Other drawings more freely describe the life of the tree–Hrbacek pays close attention to her subject matter, focusing her eye and hand on the particularities of her theme, in which human particulars interact with the trees. But she never yields to the sentimentality of an easy lyricism; instead, the poetic nature of her work is eclectic and hard earned. For example, in Close Call (1999), two slim trunks, set closely to each other, are darkly outlined and given rounded knots as they expand into smaller groups of branches at the top of the composition. Protuberances and edges of the tree are lined with darker concentrations of tone, emphasizing the particularities of each tree addressed. One need not be a tree-hugger to deeply appreciate the devotion of the artist’s details. In many of the charcoal drawings, close observation establishes a reality that is rooted in nature–the human underpinnings of the works take a secondary place. Still, the artist is determined to bring into play her reading of the trees as human presences, identifying the wood as capable of delivering the attributes of a person.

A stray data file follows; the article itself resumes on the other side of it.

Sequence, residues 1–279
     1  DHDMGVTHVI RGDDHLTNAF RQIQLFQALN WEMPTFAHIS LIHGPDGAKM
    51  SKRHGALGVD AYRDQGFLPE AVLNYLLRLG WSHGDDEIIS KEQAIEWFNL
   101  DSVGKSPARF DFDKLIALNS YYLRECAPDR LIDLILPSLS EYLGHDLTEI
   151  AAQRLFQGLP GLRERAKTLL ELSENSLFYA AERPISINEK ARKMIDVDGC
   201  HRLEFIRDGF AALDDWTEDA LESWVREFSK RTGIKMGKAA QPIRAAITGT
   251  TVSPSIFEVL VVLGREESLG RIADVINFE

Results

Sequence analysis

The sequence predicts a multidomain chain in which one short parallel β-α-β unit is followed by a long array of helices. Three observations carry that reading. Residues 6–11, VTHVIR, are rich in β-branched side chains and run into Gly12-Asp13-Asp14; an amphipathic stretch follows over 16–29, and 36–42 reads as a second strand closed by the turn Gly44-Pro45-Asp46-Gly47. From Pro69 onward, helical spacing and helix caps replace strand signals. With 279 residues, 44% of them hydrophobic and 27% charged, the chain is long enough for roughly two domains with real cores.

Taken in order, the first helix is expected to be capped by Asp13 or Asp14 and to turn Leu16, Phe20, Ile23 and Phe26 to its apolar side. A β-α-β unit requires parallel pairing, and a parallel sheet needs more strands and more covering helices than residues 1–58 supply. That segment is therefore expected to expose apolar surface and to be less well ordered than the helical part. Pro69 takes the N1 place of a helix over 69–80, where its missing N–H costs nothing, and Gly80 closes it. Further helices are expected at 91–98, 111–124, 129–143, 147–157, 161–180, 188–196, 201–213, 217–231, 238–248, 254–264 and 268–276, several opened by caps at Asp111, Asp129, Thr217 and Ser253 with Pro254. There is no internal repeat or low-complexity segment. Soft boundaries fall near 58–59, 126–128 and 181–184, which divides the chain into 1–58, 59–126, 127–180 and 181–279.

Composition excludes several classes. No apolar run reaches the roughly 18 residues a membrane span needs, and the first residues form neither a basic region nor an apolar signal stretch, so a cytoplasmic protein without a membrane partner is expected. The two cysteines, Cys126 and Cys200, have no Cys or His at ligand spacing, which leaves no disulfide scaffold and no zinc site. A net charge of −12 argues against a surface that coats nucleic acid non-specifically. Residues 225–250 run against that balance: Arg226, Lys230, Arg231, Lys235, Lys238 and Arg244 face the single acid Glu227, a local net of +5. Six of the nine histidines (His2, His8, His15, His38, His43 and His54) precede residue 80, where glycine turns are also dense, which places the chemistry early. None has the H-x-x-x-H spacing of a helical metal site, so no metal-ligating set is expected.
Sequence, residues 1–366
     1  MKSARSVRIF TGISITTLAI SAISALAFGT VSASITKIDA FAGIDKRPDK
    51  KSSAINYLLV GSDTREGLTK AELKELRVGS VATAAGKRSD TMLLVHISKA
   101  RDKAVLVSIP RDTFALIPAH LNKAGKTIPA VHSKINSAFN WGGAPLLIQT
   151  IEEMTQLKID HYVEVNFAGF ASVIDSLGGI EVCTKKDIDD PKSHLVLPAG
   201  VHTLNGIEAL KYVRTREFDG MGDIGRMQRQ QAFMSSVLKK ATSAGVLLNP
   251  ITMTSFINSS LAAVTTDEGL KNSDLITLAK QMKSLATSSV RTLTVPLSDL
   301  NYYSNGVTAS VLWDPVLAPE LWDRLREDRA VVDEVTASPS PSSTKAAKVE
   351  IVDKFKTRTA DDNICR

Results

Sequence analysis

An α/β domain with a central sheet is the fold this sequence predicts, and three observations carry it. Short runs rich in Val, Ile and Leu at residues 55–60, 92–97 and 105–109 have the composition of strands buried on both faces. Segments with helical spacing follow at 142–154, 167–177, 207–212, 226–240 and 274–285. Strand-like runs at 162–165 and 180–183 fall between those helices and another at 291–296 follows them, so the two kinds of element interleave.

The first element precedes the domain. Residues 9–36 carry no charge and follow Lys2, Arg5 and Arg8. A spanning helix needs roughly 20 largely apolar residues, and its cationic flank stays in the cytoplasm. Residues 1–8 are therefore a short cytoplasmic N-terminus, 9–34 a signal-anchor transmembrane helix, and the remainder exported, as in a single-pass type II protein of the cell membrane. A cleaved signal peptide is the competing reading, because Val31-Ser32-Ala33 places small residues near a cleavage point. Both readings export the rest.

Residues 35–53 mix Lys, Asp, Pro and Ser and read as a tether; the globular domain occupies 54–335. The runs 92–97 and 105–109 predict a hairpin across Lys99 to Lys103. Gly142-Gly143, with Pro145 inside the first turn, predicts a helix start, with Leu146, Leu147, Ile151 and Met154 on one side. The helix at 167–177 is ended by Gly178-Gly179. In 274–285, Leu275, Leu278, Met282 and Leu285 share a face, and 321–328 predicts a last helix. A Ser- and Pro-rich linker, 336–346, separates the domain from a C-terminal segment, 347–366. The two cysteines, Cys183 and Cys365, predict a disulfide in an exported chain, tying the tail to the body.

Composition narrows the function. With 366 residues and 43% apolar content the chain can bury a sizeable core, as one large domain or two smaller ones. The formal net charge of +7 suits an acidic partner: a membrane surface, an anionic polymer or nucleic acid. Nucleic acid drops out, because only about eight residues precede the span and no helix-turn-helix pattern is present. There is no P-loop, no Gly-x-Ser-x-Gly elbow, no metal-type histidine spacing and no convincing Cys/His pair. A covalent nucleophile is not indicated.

I have emphasized the black-and-white charcoal works, but the colored efforts are equally accomplished. In Enclosed Torso (2016), for example, a single broad trunk, its surface embellished with layers and outgrowths in tan and, at the bottom, deep brown, is set up against a very simple schematic image of a house–its sides and triangular roof, drawn in simple white stripes, are visible alone. The nearly cancerous protuberances of the tree in its middle do not make it easy to study, but maybe that is the point; only once we have experienced nature not at its most idealistic but at its most evident will we have a true understanding of its (sometimes troubled) complexities. Despite the sweeping generalizations of the Hudson River School, we cannot yield to a view of the outside world as entirely inspired; a certain darkness inhabits nature just as it inhabits people. This means that Hrbacek’s art is that much more inspired for what we must call its realism, without which the forest would be just another pretty face. Instead, the beauty of the show lies in its unflinching realism, in which scars and imagistic anguish occurs on the surface of the trees, which most of us would want to find unblemished. Sadly, this is not true, but when was nature perfect? It seems that Hrbacek has found a moral lesson in the midst of her attempt to truly render trees as generative of both the (human) body and, likely more important, the (ethical) qualities of nature.